Realtime is a trap and the past is underrated. Reverse chronology feeds, update notifications and immediate publish/consumer experiences continue to push us towards overvaluing what justhappened. “Is this new?” becomes a qualifying criteria to engaging with content. And you want to be first to read, first to share, first to react. Retweet without even having clicked the link. All in the name of velocity and engagement.
But maybe not. Two recent products play with time in different ways. Medium has totally deprecated the idea that “publish date” should be a primary piece of metadata. Facebook’s Slingshot contains a “reply to unlock” feature which ironically removed the urgency of immediate response (at least for me).
Let’s look first at Medium. Here’s the masthead of a post:
See how faint the timestamp is? Even this position is a change from their original thinking as I’m pretty sure “publish date” used to be below the fold at the bottom of the post. I *think* this is because Medium still trying to balance the idea of evergreen timeless content with more timely stories (see hiring of editors like Steve Levy).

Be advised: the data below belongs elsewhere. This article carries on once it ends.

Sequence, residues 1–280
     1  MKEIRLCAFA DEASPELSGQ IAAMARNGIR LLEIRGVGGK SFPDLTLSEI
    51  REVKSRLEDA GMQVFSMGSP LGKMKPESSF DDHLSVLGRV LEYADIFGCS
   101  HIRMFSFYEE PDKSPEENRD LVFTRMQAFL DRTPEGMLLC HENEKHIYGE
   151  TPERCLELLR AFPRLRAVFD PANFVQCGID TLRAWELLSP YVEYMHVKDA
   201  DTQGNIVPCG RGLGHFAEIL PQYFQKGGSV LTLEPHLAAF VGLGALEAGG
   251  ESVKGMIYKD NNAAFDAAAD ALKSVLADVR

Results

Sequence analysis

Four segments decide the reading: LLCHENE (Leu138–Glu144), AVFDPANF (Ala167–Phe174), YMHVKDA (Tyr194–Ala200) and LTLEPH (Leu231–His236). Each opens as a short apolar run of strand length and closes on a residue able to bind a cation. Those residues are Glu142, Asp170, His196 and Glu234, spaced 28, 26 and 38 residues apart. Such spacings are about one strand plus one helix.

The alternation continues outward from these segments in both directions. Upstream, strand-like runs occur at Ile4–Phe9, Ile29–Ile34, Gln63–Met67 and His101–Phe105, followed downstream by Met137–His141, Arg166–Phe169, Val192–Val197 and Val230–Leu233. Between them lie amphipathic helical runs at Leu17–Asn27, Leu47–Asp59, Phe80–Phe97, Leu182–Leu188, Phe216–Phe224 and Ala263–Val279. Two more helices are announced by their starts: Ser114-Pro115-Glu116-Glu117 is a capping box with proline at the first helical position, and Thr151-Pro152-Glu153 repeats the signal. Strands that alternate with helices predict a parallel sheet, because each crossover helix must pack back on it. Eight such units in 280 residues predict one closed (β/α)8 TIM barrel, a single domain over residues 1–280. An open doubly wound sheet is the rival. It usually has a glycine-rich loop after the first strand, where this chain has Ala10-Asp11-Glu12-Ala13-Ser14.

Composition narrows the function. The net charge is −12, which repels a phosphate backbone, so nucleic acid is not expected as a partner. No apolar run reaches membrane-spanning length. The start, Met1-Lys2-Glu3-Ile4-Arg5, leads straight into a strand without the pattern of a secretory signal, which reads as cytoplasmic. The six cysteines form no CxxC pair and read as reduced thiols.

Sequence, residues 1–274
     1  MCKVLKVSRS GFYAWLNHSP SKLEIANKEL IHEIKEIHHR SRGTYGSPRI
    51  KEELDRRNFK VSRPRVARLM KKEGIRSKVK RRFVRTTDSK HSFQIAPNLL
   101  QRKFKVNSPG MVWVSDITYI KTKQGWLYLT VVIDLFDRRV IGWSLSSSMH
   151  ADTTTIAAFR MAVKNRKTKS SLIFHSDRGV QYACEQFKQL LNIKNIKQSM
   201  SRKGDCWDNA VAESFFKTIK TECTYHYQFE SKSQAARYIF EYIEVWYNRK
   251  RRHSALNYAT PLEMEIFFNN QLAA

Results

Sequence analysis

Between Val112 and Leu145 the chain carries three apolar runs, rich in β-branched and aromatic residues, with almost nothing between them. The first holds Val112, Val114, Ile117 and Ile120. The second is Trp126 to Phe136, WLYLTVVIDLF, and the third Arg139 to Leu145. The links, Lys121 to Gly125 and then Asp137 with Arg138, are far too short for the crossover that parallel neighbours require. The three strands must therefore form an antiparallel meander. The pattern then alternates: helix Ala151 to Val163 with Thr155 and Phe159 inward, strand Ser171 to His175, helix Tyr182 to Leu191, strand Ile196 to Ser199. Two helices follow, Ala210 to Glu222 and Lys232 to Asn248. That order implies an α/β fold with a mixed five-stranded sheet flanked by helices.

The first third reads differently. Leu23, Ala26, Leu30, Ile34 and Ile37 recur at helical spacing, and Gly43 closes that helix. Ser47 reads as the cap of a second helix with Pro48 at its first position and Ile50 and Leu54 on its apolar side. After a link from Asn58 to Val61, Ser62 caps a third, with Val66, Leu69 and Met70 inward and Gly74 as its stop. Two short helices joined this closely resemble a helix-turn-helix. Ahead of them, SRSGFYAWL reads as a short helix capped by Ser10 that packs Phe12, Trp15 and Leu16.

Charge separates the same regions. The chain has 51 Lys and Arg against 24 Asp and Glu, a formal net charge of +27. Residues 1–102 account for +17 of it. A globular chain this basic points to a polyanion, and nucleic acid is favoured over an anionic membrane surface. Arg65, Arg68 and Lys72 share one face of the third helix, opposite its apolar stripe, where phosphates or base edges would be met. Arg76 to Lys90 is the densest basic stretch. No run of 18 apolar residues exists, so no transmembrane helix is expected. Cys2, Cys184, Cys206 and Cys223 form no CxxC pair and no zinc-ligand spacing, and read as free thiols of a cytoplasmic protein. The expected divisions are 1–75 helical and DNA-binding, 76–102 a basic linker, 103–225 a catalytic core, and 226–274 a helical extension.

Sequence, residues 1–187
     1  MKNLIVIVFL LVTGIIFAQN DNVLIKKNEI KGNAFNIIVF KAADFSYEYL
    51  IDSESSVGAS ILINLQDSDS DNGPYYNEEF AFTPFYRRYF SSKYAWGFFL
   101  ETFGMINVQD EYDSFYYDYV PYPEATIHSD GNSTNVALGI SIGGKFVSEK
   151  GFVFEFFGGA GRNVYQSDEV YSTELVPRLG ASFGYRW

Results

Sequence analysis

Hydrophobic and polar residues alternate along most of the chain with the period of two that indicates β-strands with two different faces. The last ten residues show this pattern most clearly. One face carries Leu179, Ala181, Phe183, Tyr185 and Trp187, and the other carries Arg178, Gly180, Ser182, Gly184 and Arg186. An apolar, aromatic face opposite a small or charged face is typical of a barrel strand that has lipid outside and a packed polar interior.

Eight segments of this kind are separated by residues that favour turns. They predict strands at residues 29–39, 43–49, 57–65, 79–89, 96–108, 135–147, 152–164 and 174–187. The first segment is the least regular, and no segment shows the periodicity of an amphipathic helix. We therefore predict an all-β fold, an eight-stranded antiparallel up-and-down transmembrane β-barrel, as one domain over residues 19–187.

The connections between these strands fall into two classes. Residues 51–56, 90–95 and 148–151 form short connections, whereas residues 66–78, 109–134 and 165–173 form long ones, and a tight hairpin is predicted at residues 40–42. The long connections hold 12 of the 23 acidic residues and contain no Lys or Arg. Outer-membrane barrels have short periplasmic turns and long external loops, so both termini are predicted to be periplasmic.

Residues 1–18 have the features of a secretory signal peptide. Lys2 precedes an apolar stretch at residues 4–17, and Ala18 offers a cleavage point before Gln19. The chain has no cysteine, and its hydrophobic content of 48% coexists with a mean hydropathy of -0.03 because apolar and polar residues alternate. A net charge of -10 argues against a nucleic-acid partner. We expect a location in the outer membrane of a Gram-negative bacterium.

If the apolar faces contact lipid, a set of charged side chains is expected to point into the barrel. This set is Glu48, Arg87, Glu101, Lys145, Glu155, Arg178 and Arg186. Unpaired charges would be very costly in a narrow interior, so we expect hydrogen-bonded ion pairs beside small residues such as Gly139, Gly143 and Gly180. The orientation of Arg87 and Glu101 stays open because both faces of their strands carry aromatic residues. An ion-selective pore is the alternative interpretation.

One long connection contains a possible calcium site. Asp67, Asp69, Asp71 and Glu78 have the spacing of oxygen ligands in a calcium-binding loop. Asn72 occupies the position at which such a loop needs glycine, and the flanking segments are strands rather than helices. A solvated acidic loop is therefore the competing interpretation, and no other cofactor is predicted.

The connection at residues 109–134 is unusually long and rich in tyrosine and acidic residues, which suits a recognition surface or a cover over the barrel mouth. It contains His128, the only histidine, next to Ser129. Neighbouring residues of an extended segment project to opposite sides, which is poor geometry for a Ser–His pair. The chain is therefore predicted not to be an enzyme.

Now, Slingshot. I’ve already admitted to being somewhat contrarian and liking the app. They’ve got a well-documented (and controversial) social mechanism that prevents you from seeing a friend’s photo until you respond with one of you own. My initial reaction to hearing this feature was “oh man, this is going to be all about pinging photos back and forth faster and faster” but once I started using the product, reality was the opposite. Slingshot is decidedly *not* conversational – I don’t feel pressure to Like or LOL or give a reaction. I can just express myself in the moment at a given time and then use that share to flip through a bunch of banked photos from friends. To date at least it’s been different and engaging. Lightweight without being realtime.
So what do you think? Are app developers playing with time in different ways? Are you tiring of the timestamping of your life?